Further, it is pertinent to emphasize that it does not behove any other person to protest under the illiterate Protection Law or Act. It is trite that the illiterate protection Law was made for the protection of illiterate persons. It is the illiterate person that requires protection and he is the one who may seek the protection given by the law by complaining that the document prepared at his request and which was signed with his signature or his mark was not, prior to its being so signed, read over and explained to him. The Act is a law to protect and safeguard the illiterates from being exploited. It is not a law to penalize them. – T.N. Orji-Abadua, JCA.
⦿ PRIMARY EVIDENCE OF PUBLIC DOCUMENT IS ADMISSIBLE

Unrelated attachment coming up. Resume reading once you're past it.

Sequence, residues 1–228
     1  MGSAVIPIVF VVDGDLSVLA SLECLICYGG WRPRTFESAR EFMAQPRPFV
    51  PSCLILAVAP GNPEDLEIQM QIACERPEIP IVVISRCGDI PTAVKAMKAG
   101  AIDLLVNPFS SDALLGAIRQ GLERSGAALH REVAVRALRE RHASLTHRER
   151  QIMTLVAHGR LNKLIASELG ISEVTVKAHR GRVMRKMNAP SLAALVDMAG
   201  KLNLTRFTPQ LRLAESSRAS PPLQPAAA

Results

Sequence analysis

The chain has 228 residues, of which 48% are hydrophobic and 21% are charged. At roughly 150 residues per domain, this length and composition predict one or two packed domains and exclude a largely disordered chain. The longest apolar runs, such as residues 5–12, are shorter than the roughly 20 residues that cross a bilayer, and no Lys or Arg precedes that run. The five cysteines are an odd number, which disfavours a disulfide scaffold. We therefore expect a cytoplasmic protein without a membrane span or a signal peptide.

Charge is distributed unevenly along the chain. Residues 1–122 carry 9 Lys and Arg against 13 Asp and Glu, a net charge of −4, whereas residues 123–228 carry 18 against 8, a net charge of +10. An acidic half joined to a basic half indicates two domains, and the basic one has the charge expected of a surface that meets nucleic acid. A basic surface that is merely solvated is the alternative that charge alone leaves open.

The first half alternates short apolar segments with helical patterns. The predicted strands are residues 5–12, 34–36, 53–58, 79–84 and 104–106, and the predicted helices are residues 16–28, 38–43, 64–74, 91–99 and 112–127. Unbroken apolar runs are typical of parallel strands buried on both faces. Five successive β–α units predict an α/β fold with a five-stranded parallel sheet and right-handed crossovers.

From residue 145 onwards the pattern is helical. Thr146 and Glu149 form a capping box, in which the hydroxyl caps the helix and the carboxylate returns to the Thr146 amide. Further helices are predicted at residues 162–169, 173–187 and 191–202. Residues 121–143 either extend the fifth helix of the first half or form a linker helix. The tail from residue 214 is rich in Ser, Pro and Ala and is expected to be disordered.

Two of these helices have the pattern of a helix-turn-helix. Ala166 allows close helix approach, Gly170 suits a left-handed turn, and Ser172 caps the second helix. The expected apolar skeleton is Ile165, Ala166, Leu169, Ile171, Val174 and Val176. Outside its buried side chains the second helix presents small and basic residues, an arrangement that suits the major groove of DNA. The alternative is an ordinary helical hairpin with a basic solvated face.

Section 93 of the Evidence Act, provides that:- “the contents of documents may be proved either by primary or secondary evidence.” Section 94(1) defines primary evidence as “the document itself”. Section 96 of the Evidence Act provides that “documents must be proved by primary evidence,” except in the Cases to be mentioned later. There is no section of the Evidence Act that provides that no primary evidence of a public document is admissible. Section 112 of the Act allows certified true copy to be produced in proof of the contents of public document or part of public document. I do not think the provision of section 112 of the Act renders the primary evidence of public document inadmissible in evidence. – T.N. Orji-Abadua, JCA.
⦿ PUBLIC DOCUMENTS ARE PROVEABLE BY THEIR ORIGINALS